I Remember Growing Up Mixed in America
I remember my mother telling me that when I was born the nurses thought my father couldn’t be my father.
I remember that this made me more protective of my father. I remember my mother telling me that once in a mall, a young girl had the audacity to ask if I was really my mother’s because I was too pale. I remember being angry that this young girl didn’t think that I could be of mixed heritage.
I remember that throughout my young childhood strangers would touch my hair without permission. I remember how this scarred me and how I was afraid to wear my hair out. I remember being five and cutting my hair because it was “too big.” I remember doing this because people always commented on how different it was, and I hated it.
I remember being called brownie when I was four. I remember not knowing whether this was negative or factual. I remember that I tried to dry all of the brown out of my skin. I remember that those actions made my mother cry.
I remember people telling me throughout my life that I was beautiful, some adding, for a Black girl. I remember not knowing whether that was because I might have been lighter than most of the Black girls they knew or had seen, or because I was the most unique Black girl they had seen.
I remember being seven, my sister three, at the mall with my father when an elderly woman asked if we were adopted.
I remember being sad because I loved my father. I remember the hurt on my father’s face every time someone undermined the possibility of his paternity.
I remember adopting mothers asking me how it felt to grow up around people who didn’t look like me. I remember thinking that maybe I was supposed to feel like I was missing out on something in my life because none of my close friends looked like me.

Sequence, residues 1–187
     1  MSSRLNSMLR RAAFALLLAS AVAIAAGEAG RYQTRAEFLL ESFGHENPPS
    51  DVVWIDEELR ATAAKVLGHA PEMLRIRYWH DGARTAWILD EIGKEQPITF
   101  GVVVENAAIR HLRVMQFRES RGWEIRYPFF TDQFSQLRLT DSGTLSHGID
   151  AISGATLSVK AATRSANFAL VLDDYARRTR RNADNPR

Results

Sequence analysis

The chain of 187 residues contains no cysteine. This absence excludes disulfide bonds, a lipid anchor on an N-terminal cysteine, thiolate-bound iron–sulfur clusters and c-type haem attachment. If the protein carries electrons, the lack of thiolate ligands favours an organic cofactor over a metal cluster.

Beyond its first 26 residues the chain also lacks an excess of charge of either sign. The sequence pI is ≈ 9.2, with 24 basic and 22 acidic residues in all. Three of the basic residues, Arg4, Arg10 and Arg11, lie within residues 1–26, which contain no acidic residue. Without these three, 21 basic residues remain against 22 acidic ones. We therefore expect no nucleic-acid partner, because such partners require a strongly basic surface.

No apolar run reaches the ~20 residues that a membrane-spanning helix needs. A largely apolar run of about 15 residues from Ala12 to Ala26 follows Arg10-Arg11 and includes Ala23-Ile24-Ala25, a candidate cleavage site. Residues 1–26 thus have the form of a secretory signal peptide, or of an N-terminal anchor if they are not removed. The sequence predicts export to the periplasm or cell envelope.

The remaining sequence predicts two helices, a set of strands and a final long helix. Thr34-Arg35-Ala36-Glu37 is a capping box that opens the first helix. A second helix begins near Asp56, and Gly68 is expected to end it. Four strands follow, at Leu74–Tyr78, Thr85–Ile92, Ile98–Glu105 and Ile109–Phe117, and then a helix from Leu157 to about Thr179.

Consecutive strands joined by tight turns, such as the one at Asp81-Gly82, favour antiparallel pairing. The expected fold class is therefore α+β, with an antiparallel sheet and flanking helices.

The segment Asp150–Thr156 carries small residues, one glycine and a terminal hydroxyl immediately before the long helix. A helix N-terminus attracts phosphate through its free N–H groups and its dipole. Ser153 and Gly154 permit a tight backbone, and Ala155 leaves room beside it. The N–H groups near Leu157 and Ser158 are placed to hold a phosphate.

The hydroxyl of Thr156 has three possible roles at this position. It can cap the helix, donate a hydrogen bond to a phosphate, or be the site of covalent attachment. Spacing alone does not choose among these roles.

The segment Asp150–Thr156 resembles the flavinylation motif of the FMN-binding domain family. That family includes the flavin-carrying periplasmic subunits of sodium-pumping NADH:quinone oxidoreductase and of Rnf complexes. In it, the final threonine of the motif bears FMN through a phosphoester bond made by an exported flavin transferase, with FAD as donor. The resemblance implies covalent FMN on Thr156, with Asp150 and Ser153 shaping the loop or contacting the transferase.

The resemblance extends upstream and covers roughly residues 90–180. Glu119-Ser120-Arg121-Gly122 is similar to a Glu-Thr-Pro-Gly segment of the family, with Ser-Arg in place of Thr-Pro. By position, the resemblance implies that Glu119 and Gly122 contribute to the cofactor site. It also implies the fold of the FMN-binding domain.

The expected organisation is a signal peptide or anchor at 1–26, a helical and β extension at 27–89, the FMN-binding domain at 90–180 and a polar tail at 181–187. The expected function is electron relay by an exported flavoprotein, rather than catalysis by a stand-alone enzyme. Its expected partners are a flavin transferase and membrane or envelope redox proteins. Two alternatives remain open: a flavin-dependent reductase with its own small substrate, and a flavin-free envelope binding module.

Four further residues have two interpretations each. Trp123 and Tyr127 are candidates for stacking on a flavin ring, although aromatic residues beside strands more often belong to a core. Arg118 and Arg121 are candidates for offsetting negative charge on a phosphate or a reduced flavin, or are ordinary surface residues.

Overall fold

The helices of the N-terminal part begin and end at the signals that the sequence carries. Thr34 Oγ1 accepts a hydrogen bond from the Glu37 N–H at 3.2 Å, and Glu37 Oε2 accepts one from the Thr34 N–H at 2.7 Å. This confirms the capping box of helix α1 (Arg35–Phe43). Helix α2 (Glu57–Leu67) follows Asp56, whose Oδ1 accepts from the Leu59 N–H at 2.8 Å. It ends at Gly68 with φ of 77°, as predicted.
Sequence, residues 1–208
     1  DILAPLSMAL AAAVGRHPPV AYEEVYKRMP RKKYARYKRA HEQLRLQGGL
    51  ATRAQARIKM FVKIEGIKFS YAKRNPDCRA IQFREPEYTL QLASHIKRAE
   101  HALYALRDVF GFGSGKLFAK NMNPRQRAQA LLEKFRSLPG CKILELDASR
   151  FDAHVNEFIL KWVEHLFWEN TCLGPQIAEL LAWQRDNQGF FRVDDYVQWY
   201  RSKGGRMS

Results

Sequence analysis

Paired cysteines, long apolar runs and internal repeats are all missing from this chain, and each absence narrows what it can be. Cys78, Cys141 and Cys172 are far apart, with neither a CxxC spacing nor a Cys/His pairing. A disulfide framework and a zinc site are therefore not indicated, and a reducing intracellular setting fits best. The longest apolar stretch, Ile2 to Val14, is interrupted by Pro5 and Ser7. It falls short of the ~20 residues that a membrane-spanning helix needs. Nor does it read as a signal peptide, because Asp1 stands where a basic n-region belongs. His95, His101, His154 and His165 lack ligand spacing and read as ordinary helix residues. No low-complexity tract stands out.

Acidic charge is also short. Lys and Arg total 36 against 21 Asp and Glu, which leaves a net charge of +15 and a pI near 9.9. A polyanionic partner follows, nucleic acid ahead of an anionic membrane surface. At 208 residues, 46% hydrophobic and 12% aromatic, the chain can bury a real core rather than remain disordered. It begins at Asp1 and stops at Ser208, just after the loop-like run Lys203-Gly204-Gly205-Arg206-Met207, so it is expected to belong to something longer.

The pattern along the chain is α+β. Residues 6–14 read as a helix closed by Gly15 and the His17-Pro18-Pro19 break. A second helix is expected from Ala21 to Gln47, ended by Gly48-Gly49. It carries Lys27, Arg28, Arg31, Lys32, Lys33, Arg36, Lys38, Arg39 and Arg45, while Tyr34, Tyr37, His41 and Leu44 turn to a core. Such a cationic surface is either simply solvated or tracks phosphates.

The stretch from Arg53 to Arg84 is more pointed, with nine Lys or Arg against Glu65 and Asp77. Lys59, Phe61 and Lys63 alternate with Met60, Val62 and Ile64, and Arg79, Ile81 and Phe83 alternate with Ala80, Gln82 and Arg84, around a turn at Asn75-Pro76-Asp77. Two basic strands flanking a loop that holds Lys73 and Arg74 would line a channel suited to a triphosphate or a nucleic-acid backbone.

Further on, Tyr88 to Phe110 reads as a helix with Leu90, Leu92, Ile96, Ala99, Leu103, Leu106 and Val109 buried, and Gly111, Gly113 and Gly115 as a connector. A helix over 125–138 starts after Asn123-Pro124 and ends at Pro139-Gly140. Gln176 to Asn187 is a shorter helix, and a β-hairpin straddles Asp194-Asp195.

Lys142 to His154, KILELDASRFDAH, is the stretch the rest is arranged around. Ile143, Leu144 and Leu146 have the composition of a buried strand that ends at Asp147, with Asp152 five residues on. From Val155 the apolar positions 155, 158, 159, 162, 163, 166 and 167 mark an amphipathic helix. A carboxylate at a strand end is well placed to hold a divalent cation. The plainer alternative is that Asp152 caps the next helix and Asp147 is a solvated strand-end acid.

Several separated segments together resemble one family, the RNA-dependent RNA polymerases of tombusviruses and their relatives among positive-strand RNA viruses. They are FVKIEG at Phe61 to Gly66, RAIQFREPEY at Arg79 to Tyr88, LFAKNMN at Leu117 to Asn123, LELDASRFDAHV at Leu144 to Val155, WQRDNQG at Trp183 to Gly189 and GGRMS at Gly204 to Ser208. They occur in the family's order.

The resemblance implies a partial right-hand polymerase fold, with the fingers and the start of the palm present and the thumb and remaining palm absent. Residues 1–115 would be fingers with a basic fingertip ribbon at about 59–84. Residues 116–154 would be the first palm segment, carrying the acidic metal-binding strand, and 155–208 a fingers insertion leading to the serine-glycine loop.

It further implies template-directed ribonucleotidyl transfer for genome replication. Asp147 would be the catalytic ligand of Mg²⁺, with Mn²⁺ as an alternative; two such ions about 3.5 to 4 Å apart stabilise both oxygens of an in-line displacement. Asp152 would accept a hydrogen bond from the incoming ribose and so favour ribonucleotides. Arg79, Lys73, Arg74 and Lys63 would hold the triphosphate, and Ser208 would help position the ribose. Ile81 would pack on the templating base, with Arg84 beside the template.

I remember that I didn’t start wearing my hair down until I was thirteen. I remember that I waited to prevent unnecessary attention.
I remember that the first time I wore my hair straight people told me I looked like Beyonce.
I remember not being pleased because I was my own person, not Beyonce.
I remember being fourteen and being one of five Black kids at my high school. I remember being asked multiple times in the first two years if one of the boys and I were siblings. I remember being angry because he and I thought that it was happening because we both were lighter than the other two Black boys.
I remember being seventeen when a boy from school posted on Facebook that we should have Veteran’s Day off because we had Nigger Day off. I remember being upset that he had no idea that he was hurting and insulting people who had died, were dying, and would die in the future for the rights of Black people.
I remember not knowing what race/ethnicity to put down on my school applications.
I remember not understanding why I couldn’t have my own category. I remember being eighteen and a young boy telling me that Black people and White people should not be allowed to get married. I remember the same young boy also telling me that their children would look odd. I remember telling him that I was the result of a White person and a Black person having a baby and him not believing me, nor thinking it was possible. I remember him finally believing me and being very apologetic.
I remember moving down South and people looking at me oddly when I would automatically say I was Black.
I remember thinking that this was because my hair wasn’t as kinky or as dark as that of other Black people. I remember one guy in college telling me that I wasn’t really Black. I remember telling him that my father was White and my mother was Black and him replying that I had proven his point. I remember not knowing what he meant by that.
I remember throughout my life that I have never really been White or Black. I remember people choosing what part of me to see and then choosing what they wanted to emphasize. I remember that apart from my closest friends, my race was a predominant part of how people viewed me.